I could have included this in my tribute to John Cusack's movies in 2012.
Blurb From the DVD Jacket: “John Cusack stars in this ‘inspirational and uplifting journey’ (Cynthia Wickenkamp, Star Entertainment) as a lonely science-fiction writer who adopts a boy who claims to be from Mars.”
What Did I Learn?: 1) Calling somebody an “old soul” means they have figured things out. 2) “That’s a good question” is something adults usually say when they don’t have an answer. 3) Hysterical is the new calm. 4) Baseball is the only game that allows you to suck 70% of the time and still be great. 5) There are no superstars - only supernovas and white dwarfs. 6) Apparently, children don't require discipline.
You Might Like This Movie If: You want to see a clever smart-alec converse with a curious Martian.
Really?: 1) David owns a very old dog. Take a wild guess what happens to the loveable pooch. 2) When Dennis visits a Mars exhibit at the local planetarium, he tells David that Mars is somehow different from what he remembers. Considering David is a science fiction writer and he wants to understand the lad, I cannot believe he wouldn’t ask what Dennis does remember about his past. 3) What sort of father would encourage his son to break all of the dishes in the kitchen, and then start a food fight? Gee…and then the grumpy dude from Social Services shows up immediately afterwards. I didn’t see that one coming… 4) So, why does Dennis have a self-imposed deadline for returning to Mars? I realize it adds some dramatic tension near the end of the movie, but it seems extremely contrived, and it’s never explained.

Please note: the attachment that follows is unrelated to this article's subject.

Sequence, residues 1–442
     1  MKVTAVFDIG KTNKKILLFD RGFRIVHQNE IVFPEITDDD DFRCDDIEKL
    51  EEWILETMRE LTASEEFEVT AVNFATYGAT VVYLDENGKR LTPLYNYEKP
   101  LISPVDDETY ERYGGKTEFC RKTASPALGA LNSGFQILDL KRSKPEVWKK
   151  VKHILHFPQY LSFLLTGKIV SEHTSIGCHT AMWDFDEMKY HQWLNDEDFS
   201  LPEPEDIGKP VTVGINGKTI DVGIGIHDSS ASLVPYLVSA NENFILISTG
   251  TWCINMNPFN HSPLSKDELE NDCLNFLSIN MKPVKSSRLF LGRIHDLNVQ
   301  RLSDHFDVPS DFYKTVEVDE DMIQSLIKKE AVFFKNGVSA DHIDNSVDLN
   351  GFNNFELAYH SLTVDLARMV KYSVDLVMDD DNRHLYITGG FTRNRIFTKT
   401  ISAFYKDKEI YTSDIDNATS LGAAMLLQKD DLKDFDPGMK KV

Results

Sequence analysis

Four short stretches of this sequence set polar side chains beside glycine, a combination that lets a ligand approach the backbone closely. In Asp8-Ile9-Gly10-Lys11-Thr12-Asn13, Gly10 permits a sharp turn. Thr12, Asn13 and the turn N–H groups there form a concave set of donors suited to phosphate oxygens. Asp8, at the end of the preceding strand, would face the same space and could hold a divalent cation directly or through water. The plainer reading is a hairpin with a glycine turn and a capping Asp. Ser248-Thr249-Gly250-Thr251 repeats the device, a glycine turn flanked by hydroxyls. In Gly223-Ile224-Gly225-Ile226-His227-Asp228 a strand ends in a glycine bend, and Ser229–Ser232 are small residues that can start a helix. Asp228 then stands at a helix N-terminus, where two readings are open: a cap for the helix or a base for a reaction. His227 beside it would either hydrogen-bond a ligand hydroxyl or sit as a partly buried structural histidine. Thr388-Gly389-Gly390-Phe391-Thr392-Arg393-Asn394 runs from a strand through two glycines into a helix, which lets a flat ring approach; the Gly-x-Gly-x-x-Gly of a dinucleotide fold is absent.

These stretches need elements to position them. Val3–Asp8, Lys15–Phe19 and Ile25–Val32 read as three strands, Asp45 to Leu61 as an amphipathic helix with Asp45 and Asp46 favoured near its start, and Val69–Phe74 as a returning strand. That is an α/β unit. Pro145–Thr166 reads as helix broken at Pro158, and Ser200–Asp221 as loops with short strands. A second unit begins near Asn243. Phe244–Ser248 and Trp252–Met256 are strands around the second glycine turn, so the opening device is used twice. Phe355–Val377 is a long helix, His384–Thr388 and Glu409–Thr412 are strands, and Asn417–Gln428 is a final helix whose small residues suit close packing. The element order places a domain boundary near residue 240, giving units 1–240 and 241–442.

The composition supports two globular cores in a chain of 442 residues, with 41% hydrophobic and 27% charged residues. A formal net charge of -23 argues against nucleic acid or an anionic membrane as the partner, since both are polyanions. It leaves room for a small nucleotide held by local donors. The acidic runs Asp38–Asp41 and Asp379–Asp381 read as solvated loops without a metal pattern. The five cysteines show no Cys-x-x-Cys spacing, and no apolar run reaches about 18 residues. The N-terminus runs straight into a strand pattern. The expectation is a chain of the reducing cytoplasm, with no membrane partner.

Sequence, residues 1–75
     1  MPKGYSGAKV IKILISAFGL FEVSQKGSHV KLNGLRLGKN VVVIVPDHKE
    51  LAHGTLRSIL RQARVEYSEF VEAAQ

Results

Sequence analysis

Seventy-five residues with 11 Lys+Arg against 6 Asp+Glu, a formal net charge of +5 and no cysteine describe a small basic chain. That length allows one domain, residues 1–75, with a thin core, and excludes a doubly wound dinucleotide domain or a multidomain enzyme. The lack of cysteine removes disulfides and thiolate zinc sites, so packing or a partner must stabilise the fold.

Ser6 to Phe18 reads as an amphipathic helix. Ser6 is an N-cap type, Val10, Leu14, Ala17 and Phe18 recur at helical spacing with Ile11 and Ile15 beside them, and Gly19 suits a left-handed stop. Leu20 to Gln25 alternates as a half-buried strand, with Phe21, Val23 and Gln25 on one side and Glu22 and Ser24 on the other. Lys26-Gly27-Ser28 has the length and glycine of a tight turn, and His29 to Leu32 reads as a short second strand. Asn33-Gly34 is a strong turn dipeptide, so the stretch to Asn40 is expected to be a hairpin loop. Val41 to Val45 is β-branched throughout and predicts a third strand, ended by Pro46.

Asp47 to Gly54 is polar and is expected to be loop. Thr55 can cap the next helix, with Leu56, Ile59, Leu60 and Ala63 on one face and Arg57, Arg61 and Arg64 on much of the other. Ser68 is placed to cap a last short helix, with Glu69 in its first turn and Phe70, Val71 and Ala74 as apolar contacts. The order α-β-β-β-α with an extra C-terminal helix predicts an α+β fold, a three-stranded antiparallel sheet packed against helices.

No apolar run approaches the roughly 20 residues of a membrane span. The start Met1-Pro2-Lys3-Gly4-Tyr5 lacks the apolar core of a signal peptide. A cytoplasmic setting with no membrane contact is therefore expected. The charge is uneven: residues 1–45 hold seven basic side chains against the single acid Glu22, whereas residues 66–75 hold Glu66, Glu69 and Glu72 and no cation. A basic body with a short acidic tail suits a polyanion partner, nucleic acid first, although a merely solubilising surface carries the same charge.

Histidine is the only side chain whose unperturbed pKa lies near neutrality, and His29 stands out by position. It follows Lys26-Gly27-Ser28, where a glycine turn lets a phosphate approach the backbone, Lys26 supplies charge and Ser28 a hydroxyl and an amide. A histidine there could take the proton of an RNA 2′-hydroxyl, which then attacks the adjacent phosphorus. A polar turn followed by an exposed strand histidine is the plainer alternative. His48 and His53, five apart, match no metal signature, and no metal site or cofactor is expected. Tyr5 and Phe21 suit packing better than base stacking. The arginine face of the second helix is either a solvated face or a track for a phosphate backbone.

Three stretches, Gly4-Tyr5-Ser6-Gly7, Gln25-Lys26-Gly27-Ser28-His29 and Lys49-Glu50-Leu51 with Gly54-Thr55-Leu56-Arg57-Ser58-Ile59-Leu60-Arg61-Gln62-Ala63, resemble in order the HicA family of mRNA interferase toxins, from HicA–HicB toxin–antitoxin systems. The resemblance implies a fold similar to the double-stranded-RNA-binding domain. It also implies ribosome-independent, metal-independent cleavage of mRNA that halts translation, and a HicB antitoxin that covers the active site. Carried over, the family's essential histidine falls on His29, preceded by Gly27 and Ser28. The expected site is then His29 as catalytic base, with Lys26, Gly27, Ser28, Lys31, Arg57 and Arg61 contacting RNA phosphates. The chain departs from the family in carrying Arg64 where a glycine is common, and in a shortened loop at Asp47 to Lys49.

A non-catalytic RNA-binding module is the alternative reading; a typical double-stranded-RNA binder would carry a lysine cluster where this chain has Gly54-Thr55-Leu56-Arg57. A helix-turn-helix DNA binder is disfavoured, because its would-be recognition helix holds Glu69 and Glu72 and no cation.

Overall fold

Rating: I wanted to like Martian Child a bit more than I did. The film is genuinely touching in places, and Cusack does a fine job of carrying the story with his likeable everyman shtick, but much of it struck me as cloying, manipulative, contrived, and predictable, and David's consequences-free parenting style rubbed me the wrong way on a few occasions (see: “Really?” and "What Did I Learn?'). Moreover, Martian Child’s occasional moments of comedy fall flat, and the budding romance between David and Harlee (Amanda Peet) is never developed, and feels tacked-on. 6/10 stars.